Extra heat goes into a solid glass when it is heated into a molten liquid. "Where does the heat go?" has been a question for decades. It could go into how the atoms rearrange randomly in the liquid, or into how atoms vibrate, or both. Enabled by today's ability to inject a high flux of neutrons and other advanced tools, scientists demonstrated that almost all the heat goes into the random rearrangement of atoms, rather than to changing their patterns of vibrations, as the metallic glasses melt.
The dynamics of the atomic structure and interactions at the point where materials are about to melt are critical to understanding glassy materials. Scientists showed that recently possible, rapid inelastic neutron scattering techniques could measure these atomic-level dynamics. This approach could be transformative for exploring similar phenomena in a wide range of materials.
Glasses we encounter in everyday life are mostly transparent and used for everything from window panes to phone screens. Glasses are solids that usually break when hit by a hammer. On the other hand, liquid flows around the hammer as it hits. When a glass is heated up, it becomes a liquid. The glass absorbs a lot of heat when it transitions from solid to liquid. “What does this heat do to the atoms in the glass?” has been a decades-old question not directly answered with experiments.
Specifically, a metallic glass can soften upon heating. This is called the glass transition. Below the glass transition, atoms are locked in a specific arrangement. Above this temperature, the atoms are free to reorganize, leading to an increased disorder (entropy). Atoms may also vibrate differently above and below this transition. Different theories assign different importance to the vibrational entropy near and above the glass transition. However, atomic vibrations have never been measured across the glass transition, at least for metallic glasses. Measuring vibrational spectra by inelastic neutron scattering was previously impossible because of the long times needed for the measurements during which the system would crystallize. Today, however, the high neutron intensity and instrument efficiency at the Spallation Neutron Source (SNS) have made these measurements possible for the first time.
A team from Caltech heated a copper zirconium glass in situ in an advanced spectrometer at the SNS. From the inelastic neutron scattering data of the glass at different temperatures through its glass transition, the vibrational spectra as a function of temperature were extracted. Interestingly, the vibrational spectra showed very little change, largely eliminating vibrational entropy as the source of excess entropy at the glass transition. The excess heat goes almost entirely into rearranging the atoms, thus changing only the configurational entropy. This research answered a decades-old question about the entropy of the glass transition. The revised atomistic viewpoint may be pertinent to the melting of crystalline materials too. The demonstration of rapid inelastic neutron scattering measurements with modern instruments paves the way for the exploration of dynamics of near phase transitions in a wide range of materials.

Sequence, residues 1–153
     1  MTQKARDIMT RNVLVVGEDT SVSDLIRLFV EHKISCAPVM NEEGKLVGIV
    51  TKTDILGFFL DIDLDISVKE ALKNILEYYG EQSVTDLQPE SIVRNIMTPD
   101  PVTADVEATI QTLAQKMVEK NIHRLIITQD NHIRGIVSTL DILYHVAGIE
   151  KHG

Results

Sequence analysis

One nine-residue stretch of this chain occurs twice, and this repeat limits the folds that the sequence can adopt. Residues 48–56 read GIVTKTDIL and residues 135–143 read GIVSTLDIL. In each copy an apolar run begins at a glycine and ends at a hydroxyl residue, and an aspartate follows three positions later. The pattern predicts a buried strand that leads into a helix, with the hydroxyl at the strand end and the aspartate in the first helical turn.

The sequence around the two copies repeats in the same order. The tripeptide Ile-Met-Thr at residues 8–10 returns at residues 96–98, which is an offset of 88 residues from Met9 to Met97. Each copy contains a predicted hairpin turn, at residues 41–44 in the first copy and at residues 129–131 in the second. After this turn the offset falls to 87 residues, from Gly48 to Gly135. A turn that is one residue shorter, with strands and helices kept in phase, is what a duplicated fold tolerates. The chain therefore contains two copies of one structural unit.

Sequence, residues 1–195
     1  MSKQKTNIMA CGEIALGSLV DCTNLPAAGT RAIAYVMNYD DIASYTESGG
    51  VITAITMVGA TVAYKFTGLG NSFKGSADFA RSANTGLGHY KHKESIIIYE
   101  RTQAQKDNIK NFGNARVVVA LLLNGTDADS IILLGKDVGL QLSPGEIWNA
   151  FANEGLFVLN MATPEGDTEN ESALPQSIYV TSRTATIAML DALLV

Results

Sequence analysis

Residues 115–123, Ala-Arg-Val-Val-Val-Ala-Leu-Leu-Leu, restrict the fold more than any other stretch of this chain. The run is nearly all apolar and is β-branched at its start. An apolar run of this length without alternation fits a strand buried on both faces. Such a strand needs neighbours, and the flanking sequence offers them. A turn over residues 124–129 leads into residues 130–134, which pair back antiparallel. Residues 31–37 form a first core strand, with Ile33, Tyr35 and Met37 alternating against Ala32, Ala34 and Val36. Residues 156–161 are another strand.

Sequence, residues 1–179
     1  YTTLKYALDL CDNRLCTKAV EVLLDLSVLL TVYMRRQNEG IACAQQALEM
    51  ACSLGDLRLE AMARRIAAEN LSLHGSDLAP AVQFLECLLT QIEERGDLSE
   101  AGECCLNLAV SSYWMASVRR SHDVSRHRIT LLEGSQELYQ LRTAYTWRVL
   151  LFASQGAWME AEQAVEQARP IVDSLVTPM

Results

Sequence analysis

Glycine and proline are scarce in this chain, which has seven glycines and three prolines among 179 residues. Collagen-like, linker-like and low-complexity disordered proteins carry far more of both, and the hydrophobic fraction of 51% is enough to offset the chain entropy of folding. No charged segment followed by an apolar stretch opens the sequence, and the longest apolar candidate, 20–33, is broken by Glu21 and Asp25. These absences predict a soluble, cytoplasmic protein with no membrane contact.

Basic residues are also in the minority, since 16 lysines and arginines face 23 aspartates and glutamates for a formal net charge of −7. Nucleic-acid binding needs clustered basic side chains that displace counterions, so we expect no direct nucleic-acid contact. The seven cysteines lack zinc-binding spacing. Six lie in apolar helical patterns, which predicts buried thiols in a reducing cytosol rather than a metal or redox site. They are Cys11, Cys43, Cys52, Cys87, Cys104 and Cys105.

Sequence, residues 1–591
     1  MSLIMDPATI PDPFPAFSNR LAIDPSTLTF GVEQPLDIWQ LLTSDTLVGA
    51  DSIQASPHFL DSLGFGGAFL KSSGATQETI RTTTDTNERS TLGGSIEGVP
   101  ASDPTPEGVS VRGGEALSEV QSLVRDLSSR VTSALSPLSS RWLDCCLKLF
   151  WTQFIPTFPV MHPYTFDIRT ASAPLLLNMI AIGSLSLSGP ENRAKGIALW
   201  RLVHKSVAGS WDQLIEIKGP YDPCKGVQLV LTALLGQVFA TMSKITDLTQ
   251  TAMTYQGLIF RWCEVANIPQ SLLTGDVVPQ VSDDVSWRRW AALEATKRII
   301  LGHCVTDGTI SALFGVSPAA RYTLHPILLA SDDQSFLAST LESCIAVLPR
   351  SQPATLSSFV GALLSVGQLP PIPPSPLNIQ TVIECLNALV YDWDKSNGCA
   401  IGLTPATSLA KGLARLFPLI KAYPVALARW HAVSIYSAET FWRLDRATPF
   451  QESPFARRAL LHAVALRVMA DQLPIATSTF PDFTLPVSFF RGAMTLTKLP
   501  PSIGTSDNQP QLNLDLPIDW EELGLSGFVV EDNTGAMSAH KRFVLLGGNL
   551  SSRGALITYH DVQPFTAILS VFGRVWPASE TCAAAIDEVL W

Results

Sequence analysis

This work was supported by the Department of Energy (DOE), Office of Science, Office of Basic Energy Sciences, including support of the Spallation Neutron Source, a DOE Office of Science user facility, and the National Science Foundation (Distributed Data Analysis for Neutron Scattering Experiments (DANSE) software).
H.L. Smith, C.W. Li, A. Hoff, G. Garrett, D.S. Kim, F.C. Yang, M.S. Lucas, T. Swan-Wood, J.Y.Y. Lin, M.B. Stone, D.L. Abernathy, M. Demetriou, and B. Fultz, “Separating the configurational and vibrational entropy contributions in metallic glasses.” Nature Physics 13, 900 (2017). [DOI: 10.1038/NPHYS4142]
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